Folks start to realize everyone in my life is "new" and my former career is obvious -- and then the questions of why I stopped. I have a good cover story but it is a fabrication. I reconnected with someone from my past but its tricky, they knew the former me as did their family. Thankfully for now they are just happy I am "back". But the questions are getting deeper as it does.

Looking at myself I have "red flags" lack of history etc.

How do they do it in witness protection programs with a new identity? LOL

Does anyone have some experience or thoughts to share?


Whirlwind
Do you have a therapist ? If so can you practice some stock phrases to give when this happens?

‘you know, that was a tough time for me and I don’t want to talk about it. I’m really invested in ( what you are doing now) and ( where you live now) . Do you know when this weather is predicted to change/ that lipstick is so pretty on you, what is it? ‘

closing the subject. Introducing the now that you are willing and able to talk about, and asking a simple question to let the other person have some time to process that information and move the topic along.
 

ruborcoraxxx

MyPTSD Pro
I did come out to my close friends and no one has rejected me. I didn't state that it was DV I just said I had a rough patch on Facebook, that abuse did suck and that there is no profile to be abused. It was very liberating and I got a lot of support from people I was mortified about not having replied to what they wrote to me and so on. It just gave them an explanation and understood it wasn't about me. I apologized for having disappeared for so long. I only had very supportive responses.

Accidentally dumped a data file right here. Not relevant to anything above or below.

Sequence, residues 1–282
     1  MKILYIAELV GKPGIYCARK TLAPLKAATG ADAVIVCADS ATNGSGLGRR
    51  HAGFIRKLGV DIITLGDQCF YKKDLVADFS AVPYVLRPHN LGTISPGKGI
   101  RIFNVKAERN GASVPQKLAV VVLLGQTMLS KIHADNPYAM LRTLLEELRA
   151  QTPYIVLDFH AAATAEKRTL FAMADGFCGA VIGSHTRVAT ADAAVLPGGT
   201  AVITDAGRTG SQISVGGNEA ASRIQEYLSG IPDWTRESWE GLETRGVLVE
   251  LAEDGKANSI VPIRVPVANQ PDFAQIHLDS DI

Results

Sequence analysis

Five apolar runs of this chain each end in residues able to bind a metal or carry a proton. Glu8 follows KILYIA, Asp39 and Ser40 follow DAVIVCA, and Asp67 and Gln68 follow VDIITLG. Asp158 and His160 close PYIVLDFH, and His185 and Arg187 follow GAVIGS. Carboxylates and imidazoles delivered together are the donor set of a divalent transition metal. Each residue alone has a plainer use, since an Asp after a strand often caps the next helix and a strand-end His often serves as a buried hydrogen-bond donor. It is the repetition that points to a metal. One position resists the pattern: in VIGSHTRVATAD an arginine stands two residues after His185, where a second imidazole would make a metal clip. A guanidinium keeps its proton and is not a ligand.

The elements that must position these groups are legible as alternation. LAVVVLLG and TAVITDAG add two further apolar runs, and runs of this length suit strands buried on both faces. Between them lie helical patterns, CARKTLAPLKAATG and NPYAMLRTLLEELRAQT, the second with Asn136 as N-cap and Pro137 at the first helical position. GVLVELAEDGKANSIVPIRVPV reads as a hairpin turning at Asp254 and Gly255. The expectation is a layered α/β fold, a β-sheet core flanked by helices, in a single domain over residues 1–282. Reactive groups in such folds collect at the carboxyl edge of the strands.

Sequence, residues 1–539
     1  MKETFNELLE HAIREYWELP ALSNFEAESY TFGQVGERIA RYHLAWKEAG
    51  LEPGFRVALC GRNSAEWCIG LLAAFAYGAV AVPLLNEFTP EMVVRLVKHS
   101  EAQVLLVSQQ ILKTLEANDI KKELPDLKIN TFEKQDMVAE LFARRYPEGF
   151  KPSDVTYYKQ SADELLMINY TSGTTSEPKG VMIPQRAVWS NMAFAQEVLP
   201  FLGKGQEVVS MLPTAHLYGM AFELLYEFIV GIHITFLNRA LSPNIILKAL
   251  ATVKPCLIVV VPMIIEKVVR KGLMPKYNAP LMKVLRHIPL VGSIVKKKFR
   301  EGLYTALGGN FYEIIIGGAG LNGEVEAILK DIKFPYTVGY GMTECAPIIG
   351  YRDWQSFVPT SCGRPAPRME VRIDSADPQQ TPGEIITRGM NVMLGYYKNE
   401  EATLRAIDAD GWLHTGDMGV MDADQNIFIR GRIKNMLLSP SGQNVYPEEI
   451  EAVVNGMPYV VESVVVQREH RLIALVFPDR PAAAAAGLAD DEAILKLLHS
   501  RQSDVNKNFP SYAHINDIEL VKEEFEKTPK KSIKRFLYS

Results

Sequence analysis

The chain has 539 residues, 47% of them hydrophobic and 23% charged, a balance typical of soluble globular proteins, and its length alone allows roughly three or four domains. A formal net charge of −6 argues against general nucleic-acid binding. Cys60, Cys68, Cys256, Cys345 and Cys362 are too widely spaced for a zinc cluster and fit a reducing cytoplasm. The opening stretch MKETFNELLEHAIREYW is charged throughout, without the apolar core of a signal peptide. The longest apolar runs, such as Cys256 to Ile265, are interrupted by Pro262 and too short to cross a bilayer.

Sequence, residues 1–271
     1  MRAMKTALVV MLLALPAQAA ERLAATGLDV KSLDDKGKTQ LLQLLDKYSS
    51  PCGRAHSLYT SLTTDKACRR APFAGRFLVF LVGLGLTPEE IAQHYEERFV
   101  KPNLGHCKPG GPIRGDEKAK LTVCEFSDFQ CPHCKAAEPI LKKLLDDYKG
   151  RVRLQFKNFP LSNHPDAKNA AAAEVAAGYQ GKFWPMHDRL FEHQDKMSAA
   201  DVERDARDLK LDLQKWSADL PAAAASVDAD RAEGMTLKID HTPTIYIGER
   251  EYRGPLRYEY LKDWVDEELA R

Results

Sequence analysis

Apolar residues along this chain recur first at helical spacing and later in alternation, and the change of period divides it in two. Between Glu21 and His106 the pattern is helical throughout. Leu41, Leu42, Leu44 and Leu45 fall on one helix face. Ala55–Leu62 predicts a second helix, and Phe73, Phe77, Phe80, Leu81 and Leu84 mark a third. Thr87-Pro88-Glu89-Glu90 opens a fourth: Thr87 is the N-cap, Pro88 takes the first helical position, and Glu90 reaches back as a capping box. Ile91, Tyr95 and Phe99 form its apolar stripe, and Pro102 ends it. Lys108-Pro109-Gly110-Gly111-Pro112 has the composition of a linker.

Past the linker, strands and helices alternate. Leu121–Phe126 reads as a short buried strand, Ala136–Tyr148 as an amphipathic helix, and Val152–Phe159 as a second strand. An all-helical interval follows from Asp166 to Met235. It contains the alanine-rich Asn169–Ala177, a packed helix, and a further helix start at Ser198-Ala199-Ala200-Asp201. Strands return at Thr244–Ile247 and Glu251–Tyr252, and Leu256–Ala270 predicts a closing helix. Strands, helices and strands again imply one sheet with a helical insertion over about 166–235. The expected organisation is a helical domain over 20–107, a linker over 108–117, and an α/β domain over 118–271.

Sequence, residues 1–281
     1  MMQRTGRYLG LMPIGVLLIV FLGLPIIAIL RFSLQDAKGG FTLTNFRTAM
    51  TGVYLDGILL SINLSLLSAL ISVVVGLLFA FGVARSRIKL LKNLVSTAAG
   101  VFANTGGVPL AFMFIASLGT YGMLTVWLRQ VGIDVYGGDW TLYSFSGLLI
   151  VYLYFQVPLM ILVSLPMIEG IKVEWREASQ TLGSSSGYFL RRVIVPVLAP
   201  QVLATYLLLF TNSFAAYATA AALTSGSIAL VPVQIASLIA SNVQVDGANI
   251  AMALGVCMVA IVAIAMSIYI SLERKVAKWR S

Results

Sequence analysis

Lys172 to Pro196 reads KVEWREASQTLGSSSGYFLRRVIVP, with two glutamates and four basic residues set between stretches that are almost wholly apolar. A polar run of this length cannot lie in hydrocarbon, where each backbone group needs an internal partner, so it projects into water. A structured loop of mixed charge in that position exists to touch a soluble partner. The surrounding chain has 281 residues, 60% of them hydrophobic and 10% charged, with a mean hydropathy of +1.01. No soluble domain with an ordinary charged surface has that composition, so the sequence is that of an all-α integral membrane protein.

But fortunately, my great crash has survened the same moment as the pandemic. Like day for day.

Si in terms of work my cover story is that. The CV gap is more than explainable. Corona. And it partially is. I still did a few things. Which looking back now I don't even understand how it was possible. It was a nightmare.
 

Whirlwind

MyPTSD Pro
No therapist any more. The side stepping I am good at, what starts to happen is it deepens and I don't want to "red flag" my history by referring to it as something not to discuss.

The trick is I'm getting to know people and they start asking more in depth and how to explain my lack of connections.

I got kind of stuck the other day and realized more of that will come. Right now I'm throwing the lack of friends into the "divorce casualties" headline.

That ended up scaring away a lot of people

My experience too. It is too much and too intense even if I just offer the glossy part.

It is not that I won't discuss it ever, but I don't want people to get to know me through that lens. My "truth" is like a friendship year 5 conversation.


not to lie, but to just not really say anything.

That's the trick though. It works initially but later I sidestep so much it is not cool.

I was asked on a date and it hit me later if I ever did, what the heck would I even say? You want to meet my friends, family? Um......

I'm a walking red flag.

I hated this when I was young, trying to cover for my lack of family, support etc. And darn it here I am round #2 and I'm old enough rarely do folks press on earlier years but I've got another "resume gap" to deal with.


 

EvenStrongerNow

MyPTSD Pro